Procurement: Adding Taser to the Arsenal

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July 15, 2007: The U.S. Army has ordered more 2,400 Tasers (in this case, the X26 stun gun). The Department of Defense has been in the forefront of developing non-lethal weapons, but there has been great reluctance to using them. That's because there is no such thing as a "non-lethal" weapon, only "less lethal" weapons. Someone would do the world a favor by replacing the term "non-lethal weapon" with "less-lethal weapon." Thus because of the possibility that people would be injured or killed by "non-lethal" weapons, resulting in negative publicity, the military is reluctant to use them.

The high end version of the Taser guns costs about $500, while the cartridges are about $50 each. The Taser has range of 15 feet, which is far as the two wires from the gun reach. Two metal probes attach to the targets clothing and an electrical signal is sent that confuses the human nervous system. As a result, the victim is incapacitated for several minutes. Critics, however, claim (without proof) that at least fifty people have been killed by Tasers since 1999. The military purchase of the Tasers will bring the bogus death stories out again, with the implication being that the troops had a new way to kill people.

Non-lethal weapons are a nice sounding idea that few soldiers want to touch. Either because the weapons won't really disable the foe who is trying to kill you, or because the device might turn out to be lethal after all, and the media will go after you for being a war criminal.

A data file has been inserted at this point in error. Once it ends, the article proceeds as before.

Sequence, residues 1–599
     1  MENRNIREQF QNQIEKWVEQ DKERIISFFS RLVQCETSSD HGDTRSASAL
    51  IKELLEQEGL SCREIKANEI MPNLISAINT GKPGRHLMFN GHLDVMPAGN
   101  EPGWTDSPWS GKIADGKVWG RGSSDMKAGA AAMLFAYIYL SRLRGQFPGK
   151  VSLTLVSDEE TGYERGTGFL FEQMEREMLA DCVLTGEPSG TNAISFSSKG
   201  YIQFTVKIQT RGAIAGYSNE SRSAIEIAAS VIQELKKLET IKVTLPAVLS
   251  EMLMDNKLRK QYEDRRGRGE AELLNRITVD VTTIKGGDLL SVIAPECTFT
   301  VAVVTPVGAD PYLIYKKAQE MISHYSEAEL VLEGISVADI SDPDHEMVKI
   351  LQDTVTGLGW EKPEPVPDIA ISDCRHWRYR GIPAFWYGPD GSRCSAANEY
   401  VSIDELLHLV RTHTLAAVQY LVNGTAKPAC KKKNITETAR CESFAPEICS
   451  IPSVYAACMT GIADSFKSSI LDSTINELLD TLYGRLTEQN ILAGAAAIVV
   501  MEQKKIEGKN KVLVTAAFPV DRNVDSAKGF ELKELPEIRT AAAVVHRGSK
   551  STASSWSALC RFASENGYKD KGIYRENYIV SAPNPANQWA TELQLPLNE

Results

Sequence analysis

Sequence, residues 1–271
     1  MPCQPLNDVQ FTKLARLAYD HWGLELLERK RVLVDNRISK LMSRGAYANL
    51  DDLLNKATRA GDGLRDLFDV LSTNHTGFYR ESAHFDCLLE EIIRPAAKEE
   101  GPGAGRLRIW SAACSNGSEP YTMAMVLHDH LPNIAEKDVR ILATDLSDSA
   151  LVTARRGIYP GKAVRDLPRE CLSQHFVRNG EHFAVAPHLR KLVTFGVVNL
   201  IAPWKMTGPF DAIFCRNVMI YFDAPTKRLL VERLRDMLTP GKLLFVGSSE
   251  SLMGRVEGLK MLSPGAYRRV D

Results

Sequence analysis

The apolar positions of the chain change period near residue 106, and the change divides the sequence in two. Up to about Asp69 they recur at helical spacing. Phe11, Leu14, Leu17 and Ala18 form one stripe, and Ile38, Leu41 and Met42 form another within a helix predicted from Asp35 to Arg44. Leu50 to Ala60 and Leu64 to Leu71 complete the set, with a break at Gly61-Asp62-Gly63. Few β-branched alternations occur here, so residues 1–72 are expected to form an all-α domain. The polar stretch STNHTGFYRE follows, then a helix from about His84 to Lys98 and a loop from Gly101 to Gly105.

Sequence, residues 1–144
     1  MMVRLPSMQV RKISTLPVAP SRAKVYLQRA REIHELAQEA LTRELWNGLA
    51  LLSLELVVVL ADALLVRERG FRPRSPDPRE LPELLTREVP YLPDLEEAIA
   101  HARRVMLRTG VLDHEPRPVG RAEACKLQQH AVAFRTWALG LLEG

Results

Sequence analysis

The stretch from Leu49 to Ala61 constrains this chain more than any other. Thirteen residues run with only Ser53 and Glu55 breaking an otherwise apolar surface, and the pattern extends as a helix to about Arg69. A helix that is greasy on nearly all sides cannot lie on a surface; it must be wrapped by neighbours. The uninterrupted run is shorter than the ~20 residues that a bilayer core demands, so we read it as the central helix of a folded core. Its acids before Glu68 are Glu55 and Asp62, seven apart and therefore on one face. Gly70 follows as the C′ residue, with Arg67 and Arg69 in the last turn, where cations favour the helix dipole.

But the military does have many situations where something like the Taser is the best tool for the job. In military prisons, especially in places like Iraq or Afghanistan, Tasers are a more effective, and less lethal, way to deal with unruly inmates. Another interesting applications is mounting Tasers on robots, which are then used to provide security for military bases. This is already offered as an option by IRobot, which manufactures the widely used military PackBot robot. In many military installations, most of the intrusions are by thieves, not terrorists. With current security systems, your only option is to open fire with rifles, if an intruder refuses to halt. Until you question the guy, or examine his body, you have no way of knowing if he's a thief or a terrorist. With the Taser armed PackBot, you can remotely use a Taser on an intruder. Robots like the PackBot are being used to patrol some of the perimeters of large bases. Used in conjunction with sensor systems, you can have a Taser armed Packbot on the scene of an intrusion before armed security personnel can get there.

 


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